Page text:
We have two ears and one mouth so that we can listen twice as much as we speak. – Epictetus
This quote was on my calendar a couple of days ago. On the way to work it struck me to see so many people wearing headphones in public. So am I occasionally, for that matter. And I started wondering what this did to our ability to listen. To ourselves. Other people. The environment.
Is it that we are so bothered by the sounds and noises from the environment that we need to tune out?
Or is it the current zeitgeist that you need to make use of every second of your day that you should always feed yourself more input? Is it a way of keeping ourselves busy?
Obviously, Epictetus was referring to human interaction. And how much time we should spend talking and listening.
I believe that the way technology has influenced our ability to tune in or out has affected our way of being with other people. And our ability to use our perception freely and be fully present.
What and how we listen has changed
We take in information all the time. Through our skin, eyes, nose and ears. Most of it we take in through the eyes. The ears are a more pasive sense. We can’t close our ears and keep the sounds outside.
If you live in a city like me, there’s hardly a moment when I’m not exposed to sound of some kind. Moments of silence are rare. And when it’s silent there might still be my self-talk keeping me busy and distracting me.
We definitely have more choice in what we listen to
Headphones have given us the chance to block out what we hear from our direct surroundings. But is it doing us more good?
Does the active act of listening to something by choice reduce our ability to hear and pick up subtle messages that are around us?
Is this constant feeding of our ears with new information with news, music, podcasts, meditations really making us more content and joyful humans?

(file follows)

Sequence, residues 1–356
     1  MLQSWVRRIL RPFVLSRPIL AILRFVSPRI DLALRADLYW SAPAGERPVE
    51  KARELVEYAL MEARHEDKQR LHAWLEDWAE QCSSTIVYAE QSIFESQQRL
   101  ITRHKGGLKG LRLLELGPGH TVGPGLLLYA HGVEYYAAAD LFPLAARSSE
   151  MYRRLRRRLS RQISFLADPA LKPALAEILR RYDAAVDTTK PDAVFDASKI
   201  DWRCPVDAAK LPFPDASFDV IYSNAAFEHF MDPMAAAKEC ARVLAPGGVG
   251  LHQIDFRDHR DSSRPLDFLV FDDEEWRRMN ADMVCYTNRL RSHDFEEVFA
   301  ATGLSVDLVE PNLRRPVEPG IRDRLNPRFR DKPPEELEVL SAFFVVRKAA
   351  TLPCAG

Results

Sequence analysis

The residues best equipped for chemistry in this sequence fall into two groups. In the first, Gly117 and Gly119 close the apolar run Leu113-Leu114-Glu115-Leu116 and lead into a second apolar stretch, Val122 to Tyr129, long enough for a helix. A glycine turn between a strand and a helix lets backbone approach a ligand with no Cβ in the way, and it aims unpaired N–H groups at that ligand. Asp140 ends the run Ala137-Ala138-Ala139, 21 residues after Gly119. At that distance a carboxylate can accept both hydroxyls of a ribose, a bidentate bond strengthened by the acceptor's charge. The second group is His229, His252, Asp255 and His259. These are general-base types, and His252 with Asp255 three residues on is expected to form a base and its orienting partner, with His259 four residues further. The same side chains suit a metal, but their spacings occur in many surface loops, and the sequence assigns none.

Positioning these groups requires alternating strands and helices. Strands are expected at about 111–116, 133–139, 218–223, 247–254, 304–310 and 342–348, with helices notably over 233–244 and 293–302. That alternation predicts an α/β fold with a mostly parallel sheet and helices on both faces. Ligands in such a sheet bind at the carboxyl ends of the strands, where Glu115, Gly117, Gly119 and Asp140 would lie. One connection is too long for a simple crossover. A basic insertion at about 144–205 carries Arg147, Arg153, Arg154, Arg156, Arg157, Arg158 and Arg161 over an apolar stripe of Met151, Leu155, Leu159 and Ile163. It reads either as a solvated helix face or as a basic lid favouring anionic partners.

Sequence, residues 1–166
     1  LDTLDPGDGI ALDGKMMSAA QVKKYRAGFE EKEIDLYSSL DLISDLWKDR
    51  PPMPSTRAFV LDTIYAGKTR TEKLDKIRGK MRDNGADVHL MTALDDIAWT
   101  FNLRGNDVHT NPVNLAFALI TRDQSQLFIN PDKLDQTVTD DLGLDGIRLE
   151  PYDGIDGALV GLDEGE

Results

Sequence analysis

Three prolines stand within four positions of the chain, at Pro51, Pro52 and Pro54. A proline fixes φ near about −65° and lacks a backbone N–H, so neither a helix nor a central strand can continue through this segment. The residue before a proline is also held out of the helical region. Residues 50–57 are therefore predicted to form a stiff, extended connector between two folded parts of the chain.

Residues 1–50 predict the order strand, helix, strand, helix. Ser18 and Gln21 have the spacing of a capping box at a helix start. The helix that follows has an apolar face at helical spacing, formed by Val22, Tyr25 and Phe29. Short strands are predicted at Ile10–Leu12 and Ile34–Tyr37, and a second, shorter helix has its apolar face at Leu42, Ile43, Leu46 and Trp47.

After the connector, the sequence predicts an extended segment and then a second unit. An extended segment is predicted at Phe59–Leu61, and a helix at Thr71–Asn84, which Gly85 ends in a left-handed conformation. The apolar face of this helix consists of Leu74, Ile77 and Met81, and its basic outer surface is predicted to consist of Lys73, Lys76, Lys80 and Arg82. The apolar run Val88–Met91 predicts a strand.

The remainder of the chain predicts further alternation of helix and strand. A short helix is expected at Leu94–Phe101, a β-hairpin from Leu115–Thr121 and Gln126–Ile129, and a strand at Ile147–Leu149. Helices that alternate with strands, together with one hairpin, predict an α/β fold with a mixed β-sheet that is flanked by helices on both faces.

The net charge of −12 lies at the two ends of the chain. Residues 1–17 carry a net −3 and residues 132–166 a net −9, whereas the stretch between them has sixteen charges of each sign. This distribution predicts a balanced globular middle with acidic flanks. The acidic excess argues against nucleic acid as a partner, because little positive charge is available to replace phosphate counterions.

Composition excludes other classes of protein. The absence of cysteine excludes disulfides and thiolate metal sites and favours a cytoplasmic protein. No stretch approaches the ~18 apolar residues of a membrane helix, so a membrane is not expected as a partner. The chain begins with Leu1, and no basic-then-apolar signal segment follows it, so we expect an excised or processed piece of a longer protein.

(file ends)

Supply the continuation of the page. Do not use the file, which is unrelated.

I don’t have answers. But I do have more questions:
Are we listening more to sounds and people through digital channels than through direct contact?
How does this affect your sense of connection and our ability to navigate through everyday life as awake humans?
How much of your listening is direct, i.e. taking things in through the environment we’re surrounded by?
How much of your listening is actually listening to people?
Has leaving the house with a headphones on become your default?
What are you avoiding by putting on your headphones?
What happens to me when I tune out?
I sometimes listen to music on the way to work. I like habit stacking (in the context of movement) so I use the time standing or sitting on the metro to make micro movement with a specific body part. I use it as embodied practice time.
Funnily enough, I do feel connected to the space around. Am I just imagining this? Or is it really possible to be connected while disconnected aurally? Does the mere intent of being present let me be fully present even when I’m choosing not to listen to the noises of public transport (and the metro in Vienna can be quite noise) and the people around me?
I also realized that sometimes I put in my earbuds on the train (out of habit?) and never turn on music or a podcast. Is that my way of distancing myself from my fellow passengers and a sign of don’t talk to me or I don’t care what you’re up to?
Does tuning out to the sounds from around allow me to tune in to myself? Are those contradictory states or can I have both?
This week, I’ll pay attention and experiment with this some more…
What do you think? And how are you choosing to listen when you move in public space?